The Petrus Regout factory was founded in 1836 and situated in the south of
the Netherlands in the town of Maastricht. They produced this sort of
pottery literally by the thousands. The word factory (instead of pottery)
was well deserved here, in the late 1800’s they employed around 2500
people, an amazing number. In 1899 the pottery changed its name to “de
This pottery never gets much of a mention among Gouda enthusiasts; this
might be because they mainly produced household items as opposed to art
pottery, it could also be because they did not hand paint much of their
pottery, but still, it is good quality pottery and deserves a mention. It
is also still very much handwork, the 2500 people did not just sit
there with their writing pen, but actually worked producing pottery.
The plate above is often referred to as transfer ware, it was produced by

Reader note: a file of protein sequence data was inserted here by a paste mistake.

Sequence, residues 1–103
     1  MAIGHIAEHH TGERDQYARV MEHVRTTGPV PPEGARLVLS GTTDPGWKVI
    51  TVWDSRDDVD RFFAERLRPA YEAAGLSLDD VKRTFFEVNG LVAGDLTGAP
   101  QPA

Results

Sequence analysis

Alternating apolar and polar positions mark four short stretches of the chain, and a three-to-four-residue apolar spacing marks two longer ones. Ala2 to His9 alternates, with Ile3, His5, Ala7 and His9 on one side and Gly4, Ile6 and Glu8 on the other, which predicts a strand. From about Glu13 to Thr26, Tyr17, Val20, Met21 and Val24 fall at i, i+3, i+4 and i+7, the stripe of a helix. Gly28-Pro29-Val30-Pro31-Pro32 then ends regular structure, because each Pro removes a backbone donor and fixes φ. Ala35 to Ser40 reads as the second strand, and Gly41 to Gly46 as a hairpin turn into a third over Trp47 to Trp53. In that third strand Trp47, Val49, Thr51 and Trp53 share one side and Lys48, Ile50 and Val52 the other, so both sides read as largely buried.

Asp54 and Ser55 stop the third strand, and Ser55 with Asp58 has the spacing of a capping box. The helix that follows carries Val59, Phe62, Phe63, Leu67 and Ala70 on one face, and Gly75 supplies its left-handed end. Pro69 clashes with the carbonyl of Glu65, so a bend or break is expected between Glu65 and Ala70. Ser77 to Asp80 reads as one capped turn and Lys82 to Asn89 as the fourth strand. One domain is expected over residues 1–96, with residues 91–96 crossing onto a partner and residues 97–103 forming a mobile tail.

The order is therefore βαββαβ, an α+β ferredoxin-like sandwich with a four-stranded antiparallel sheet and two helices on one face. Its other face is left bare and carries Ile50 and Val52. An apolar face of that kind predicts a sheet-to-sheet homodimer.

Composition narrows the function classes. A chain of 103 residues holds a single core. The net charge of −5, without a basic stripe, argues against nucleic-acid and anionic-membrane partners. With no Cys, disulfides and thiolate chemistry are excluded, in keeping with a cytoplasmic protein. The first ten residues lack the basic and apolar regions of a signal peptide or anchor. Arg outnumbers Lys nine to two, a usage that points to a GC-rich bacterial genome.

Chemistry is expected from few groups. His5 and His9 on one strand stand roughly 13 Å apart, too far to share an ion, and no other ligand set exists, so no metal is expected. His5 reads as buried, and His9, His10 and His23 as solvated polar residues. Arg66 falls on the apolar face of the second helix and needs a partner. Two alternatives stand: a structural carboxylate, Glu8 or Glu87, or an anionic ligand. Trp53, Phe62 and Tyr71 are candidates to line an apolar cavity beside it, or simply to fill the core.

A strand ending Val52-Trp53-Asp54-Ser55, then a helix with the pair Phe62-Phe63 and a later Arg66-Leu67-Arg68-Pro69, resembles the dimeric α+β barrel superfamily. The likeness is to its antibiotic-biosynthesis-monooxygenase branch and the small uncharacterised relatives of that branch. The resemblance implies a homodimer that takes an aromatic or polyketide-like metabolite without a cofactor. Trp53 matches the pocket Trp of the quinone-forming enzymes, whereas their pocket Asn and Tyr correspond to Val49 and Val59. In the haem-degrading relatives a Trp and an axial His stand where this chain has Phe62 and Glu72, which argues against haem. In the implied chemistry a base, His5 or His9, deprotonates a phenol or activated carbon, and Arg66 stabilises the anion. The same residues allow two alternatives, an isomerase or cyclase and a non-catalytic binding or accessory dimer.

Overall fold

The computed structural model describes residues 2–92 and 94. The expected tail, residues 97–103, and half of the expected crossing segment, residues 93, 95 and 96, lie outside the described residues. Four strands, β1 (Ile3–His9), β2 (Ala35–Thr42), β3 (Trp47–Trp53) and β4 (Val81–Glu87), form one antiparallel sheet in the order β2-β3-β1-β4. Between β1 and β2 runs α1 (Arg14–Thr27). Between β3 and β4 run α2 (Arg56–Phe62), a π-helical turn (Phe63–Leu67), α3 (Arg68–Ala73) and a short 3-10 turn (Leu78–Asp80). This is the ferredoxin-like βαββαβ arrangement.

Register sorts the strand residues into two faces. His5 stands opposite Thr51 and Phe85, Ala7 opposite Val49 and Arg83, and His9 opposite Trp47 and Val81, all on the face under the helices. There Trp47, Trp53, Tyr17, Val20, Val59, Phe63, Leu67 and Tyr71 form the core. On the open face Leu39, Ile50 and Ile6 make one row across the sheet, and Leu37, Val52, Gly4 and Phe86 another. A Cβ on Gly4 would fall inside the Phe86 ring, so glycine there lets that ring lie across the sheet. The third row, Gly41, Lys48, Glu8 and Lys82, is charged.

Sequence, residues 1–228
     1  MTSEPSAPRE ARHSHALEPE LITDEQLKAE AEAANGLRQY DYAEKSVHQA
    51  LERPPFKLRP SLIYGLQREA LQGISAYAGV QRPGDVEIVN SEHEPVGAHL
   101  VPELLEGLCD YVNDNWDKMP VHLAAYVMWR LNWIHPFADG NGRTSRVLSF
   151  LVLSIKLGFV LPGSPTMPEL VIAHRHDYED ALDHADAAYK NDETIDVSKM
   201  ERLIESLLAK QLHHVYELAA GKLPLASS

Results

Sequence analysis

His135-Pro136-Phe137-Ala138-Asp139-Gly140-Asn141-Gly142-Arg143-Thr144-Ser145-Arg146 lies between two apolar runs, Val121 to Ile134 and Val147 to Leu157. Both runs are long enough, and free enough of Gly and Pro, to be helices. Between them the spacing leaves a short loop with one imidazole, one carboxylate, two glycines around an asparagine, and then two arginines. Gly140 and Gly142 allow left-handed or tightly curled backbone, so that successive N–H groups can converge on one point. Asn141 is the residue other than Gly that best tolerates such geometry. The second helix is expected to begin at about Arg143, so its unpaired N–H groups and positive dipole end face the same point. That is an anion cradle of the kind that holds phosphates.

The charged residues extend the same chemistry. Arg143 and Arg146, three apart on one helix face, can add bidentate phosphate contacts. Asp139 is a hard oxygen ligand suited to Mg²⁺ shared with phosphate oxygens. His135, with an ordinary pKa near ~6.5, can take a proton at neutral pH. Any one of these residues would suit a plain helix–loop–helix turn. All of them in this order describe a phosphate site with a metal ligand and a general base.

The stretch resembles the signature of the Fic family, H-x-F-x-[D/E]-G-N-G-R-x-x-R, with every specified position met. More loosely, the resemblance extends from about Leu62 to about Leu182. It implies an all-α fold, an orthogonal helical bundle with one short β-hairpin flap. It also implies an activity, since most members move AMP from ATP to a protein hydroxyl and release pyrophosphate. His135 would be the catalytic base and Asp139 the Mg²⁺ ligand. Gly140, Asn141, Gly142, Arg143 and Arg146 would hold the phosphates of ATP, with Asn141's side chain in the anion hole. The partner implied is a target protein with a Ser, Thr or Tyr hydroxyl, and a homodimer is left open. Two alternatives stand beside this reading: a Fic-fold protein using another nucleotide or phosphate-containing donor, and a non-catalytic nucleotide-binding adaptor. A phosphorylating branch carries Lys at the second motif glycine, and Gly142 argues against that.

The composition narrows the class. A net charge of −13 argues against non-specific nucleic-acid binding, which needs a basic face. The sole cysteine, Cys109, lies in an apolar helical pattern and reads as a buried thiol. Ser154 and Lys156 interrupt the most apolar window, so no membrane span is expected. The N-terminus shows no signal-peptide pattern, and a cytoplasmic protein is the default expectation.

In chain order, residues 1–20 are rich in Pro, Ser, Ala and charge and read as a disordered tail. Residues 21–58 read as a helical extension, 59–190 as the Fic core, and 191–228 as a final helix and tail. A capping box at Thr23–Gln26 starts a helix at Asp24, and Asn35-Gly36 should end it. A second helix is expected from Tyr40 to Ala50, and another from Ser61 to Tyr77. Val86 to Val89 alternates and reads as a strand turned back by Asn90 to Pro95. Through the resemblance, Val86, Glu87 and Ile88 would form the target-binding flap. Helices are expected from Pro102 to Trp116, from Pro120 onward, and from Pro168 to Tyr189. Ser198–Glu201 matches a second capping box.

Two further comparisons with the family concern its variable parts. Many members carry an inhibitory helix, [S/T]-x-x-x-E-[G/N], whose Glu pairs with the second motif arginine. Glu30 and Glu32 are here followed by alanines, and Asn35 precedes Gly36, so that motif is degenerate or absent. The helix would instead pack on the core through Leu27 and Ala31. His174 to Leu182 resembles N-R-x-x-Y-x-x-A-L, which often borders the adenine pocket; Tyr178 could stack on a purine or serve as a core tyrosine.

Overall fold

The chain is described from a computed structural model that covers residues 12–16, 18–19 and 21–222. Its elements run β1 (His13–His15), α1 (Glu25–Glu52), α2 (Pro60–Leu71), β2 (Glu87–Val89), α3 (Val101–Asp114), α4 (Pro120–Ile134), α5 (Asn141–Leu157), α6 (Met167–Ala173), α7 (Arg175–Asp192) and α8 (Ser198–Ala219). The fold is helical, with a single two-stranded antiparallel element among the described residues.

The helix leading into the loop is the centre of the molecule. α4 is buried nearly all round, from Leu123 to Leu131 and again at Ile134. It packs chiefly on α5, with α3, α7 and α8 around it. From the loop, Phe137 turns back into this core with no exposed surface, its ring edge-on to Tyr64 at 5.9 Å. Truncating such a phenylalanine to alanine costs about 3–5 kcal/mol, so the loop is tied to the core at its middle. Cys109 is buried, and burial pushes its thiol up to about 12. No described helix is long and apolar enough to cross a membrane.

transferring the image from a copper plate onto the pottery; the use of
multiple colours in this process was limited. The use of 2 colours like in
the plate above was apparently easily managed. More colours on the same
plate can be found.
They also used a mix of transfer printing followed up by some hand
So compared to my other Gouda pottery the painting was a mostly automated
process, but in all fairness I have to say that the PZH also used
techniques to transfer the outline of decor to be painted onto the
pottery, after which painters applied the required colours.
For a multi coloured example of the Petrus Regout earthenware, click